Location & dates EMBL Heidelberg, Germany 26 - 29 Mar 2014
Deadlines Registration closed Abstract submission closed

Coronavirus information for participants

The onsite course and conference programme at EMBL has been paused until the end of June 2020.

We aim to continue offering our advanced training for the scientific community however we safely can. While some events have been cancelled, many have been rescheduled for a later date and others will be delivered as virtual events.

Registration is open for onsite courses and conferences starting after 1 July and for the virtual events. All registration fees for any events which don’t take place due to the COVID-19 disruption are fully refundable.

More information for participants of events at EMBL Heidelberg can be found here.

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Why attend

  • Topics
    • Where do microglia come from?
    • How do microglia contribute to neuronal development?
    • How do microglia respond to neuronal injuries?
    • How do microglia respond to disease?
  • Summary
    Microglia are phagocytic cells of hematopoietic origin that enter the brain and play important functions in both health and disease. Although discovered nearly one hundred years ago, microglia have only recently been appreciated to be highly dynamic cells that scan the brain to monitor and eliminate apoptotic, injured and sick neurons. Moreover, recent data indicate that microglia are able to sculpt developing neural circuits by engulfing synapses and contributing to synaptic pruning. These findings suggest that microglia are a jack-of-all-trades involved in brain surveillance, repair, and pruning. In this meeting we will bring together established and early stage researchers interested in microglia to better understand the many roles that these cells play in the healthy and sick brain.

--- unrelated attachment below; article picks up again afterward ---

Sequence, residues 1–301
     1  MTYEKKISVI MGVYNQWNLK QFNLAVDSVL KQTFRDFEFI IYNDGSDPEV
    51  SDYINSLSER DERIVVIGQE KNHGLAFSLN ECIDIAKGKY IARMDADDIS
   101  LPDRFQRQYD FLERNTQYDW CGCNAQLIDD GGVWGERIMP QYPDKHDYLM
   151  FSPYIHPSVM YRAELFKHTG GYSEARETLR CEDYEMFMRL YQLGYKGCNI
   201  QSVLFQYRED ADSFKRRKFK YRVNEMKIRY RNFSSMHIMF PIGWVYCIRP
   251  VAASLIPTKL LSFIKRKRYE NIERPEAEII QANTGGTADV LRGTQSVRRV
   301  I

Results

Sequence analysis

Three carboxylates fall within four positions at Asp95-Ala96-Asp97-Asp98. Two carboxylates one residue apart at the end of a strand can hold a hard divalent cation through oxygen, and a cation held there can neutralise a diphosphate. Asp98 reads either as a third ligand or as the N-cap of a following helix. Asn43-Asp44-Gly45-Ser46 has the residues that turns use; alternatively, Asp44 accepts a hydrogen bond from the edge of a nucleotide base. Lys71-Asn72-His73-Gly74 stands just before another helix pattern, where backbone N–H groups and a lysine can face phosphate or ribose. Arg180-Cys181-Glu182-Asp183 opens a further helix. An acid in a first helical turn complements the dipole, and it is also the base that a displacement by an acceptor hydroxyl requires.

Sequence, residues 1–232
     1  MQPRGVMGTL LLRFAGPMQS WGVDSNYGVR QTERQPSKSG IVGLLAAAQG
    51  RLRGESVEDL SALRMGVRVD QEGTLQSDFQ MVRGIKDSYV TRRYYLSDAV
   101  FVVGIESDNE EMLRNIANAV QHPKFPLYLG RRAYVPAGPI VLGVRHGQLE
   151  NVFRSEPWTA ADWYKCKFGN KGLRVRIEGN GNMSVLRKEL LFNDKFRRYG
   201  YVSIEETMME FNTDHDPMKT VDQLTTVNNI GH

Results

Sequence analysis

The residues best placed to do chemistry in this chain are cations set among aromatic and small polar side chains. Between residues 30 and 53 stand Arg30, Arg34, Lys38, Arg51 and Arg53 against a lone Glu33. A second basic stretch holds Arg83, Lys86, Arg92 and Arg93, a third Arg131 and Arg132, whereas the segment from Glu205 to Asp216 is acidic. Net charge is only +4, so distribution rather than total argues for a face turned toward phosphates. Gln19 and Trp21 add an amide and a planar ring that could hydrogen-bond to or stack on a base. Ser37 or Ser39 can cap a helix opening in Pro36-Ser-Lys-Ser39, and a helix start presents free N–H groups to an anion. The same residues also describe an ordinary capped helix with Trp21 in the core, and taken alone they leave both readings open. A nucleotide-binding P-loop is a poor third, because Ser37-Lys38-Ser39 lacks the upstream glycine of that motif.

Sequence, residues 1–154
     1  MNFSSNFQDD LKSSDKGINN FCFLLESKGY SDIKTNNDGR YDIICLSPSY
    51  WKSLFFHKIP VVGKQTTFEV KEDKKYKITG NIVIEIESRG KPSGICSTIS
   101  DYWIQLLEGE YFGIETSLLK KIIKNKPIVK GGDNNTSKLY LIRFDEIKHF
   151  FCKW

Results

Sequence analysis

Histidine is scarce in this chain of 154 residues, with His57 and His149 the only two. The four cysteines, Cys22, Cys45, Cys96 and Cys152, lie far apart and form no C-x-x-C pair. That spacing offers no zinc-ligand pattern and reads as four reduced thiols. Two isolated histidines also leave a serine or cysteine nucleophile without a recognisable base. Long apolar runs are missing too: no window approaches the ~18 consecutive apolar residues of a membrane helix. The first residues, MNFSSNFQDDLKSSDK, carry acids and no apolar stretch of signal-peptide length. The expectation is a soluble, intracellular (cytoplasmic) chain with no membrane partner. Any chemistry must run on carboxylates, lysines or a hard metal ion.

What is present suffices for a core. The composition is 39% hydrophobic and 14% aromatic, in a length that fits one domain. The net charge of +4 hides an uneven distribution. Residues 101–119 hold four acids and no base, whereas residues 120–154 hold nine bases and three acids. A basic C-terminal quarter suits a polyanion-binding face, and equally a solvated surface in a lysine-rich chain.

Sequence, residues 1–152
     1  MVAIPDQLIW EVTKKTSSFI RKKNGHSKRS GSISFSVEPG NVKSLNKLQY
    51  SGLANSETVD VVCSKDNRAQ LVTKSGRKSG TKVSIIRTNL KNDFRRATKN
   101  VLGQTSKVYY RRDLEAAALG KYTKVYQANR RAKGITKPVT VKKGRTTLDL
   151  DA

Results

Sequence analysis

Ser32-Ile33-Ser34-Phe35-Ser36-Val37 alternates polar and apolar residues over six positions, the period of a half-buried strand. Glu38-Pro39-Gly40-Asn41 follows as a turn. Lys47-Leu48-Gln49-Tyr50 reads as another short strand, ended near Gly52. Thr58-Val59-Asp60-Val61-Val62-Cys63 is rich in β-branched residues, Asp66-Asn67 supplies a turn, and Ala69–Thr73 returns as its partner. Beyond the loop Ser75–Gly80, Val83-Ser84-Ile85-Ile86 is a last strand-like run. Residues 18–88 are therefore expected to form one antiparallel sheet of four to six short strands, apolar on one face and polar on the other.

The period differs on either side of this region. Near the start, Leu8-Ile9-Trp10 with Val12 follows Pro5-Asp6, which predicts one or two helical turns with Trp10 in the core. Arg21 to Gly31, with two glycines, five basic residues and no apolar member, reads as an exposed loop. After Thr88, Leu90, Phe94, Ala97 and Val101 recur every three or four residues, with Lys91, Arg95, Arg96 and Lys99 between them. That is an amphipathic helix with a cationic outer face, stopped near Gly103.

• Aims
    We aim to encourage researchers with different expertise and perspectives on microglia to exchange findings and ideas. In this way we hope to contribute to the development of a new community of researchers centred around these cells.